National Under-20 coach and former Reggae Boy, Altimont ‘Freddie’ Butler will tomorrow be honoured by the San Jose Earthquakes as one of the Major League Soccer (MLS) franchise’s original roster members when the league kicked off 20 years ago. Butler, the first Jamaican to play in the MLS, was drafted by the San Jose Clash (later renamed Earthquakes) in February 1996 in the second round (eighteenth overall) of 250 players in the league’s Inaugural Player Draft. He was also on the team’s roster for the first ever MLS game to be played which was against DC United. Tomorrow the San Jose Earthquakes will hold a 20th Anniversary Celebration when D.C. United visits to Avaya Stadium in a recreation of MLS’ inaugural match in San Jose on April 6, 1996, just four days shy of the exact day 20 years ago. As part of the affair all the former San Jose Clash players, staff and MLS representatives that made the inaugural season possible will be honoured at half-time. “It is always a great feeling to be part of history especially being the first Jamaican to be drafted for and to play in the MLS. Being recognised as one of the pioneers is a special feeling,” said Butler who departed the island yesterday for California. Among the former players who will be honoured alongside Butler are current Chelsea technical director and former Nigeria international Michael Emenalo, US Internationals Eric Wynalda, Eddie Lewis, Paul Bravo and John Doyle. Others include Mexican international Eduardo Missael Espinoza, Jorge Rodas (Guatemala) and Ben Iroha (Nigeria). Having been there at the start Butler now looks on with pride. “It has grown a lot. Right now it is a real big league compared to what it was then and all the signs show that it will grow even more. What I am most proud about is that it has opened the doors for a lot of Jamaicans and the performance of most of them means that we can become a major supplier of talent for the League,” said Butler, who was drafted out of the University of Southern New Hampshire. Even with that success though, the Port Royal native who distinguished himself as a schoolboy at Dunoon Technical High and at Harbour View before venturing overseas, said there is still more for Jamaicans to do in the MLS. “We have to change our outlook, training attitudes and approach. We are too laid back and that is one of the reasons for the most part why some of us do not stay too long there. Our thinking has to get to the level where we treat the sport as a job. We have to prepare our youngsters to know that this (football) is a job just like those you get dressed up in your suits for,” the man, who shares coaching responsibility for the country under-20 Boyz with his former Reggae Boy teammate Ricardo Gardner, said.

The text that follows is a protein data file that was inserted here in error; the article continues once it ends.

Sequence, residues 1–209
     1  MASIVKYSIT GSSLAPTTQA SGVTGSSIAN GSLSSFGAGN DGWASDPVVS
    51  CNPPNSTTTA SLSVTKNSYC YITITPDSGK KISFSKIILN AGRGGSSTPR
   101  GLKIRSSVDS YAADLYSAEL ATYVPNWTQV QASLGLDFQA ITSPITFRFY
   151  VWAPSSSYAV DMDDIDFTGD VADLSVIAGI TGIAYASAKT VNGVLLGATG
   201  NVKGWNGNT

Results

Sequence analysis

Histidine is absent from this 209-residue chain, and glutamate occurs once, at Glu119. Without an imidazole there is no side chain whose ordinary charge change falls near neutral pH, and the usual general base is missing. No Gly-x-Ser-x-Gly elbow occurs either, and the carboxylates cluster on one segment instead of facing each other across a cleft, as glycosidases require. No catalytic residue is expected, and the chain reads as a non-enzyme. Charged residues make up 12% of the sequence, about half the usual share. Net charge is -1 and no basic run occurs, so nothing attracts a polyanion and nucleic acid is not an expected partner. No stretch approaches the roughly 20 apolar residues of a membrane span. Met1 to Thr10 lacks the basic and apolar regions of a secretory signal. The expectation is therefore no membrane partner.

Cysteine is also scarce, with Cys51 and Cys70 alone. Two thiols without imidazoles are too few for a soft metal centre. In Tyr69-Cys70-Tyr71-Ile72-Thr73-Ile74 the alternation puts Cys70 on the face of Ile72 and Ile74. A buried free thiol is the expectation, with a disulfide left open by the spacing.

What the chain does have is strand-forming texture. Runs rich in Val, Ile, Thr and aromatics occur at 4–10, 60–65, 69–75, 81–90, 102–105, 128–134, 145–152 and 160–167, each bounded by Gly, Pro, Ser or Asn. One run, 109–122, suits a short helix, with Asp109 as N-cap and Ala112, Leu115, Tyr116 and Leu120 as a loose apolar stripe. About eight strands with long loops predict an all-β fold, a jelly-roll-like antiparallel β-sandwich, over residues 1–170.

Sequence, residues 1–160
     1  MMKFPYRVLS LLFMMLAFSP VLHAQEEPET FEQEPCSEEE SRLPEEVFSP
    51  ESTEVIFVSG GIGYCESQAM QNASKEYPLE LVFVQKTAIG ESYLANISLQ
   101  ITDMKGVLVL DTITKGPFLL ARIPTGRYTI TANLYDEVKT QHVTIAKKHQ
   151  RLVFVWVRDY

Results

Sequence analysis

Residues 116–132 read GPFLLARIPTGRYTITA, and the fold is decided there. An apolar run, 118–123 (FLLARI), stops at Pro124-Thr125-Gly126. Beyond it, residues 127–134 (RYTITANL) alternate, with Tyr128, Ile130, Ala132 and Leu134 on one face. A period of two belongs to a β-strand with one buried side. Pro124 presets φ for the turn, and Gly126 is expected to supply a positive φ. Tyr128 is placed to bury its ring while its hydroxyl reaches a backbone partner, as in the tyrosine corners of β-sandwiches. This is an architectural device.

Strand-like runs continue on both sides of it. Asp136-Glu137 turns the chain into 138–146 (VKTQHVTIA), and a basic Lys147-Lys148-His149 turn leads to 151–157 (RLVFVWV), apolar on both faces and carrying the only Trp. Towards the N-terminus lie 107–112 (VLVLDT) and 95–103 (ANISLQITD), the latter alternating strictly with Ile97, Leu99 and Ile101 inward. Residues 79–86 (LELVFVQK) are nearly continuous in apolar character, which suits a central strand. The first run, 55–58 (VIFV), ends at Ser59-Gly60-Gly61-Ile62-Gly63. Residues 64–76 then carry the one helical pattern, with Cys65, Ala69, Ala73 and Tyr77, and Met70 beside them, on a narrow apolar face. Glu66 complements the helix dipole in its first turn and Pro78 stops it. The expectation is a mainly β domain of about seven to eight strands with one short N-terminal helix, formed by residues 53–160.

DAVIE, FLA. (WSVN) – Day one of the Miami Dolphins cheerleading auditions kicked off on Saturday.Hundreds of women showed off their best moves at the football team’s training camp in Davie.The women who make the first cut will move on to interviews on Sunday, then put on another performance at another audition the following Sunday.The final phase of the auditions will take place at Hard Rock Stadium in Miami Gardens. It will be open to the public.Copyright 2019 Sunbeam Television Corp. All rights reserved. This material may not be published, broadcast, rewritten or redistributed.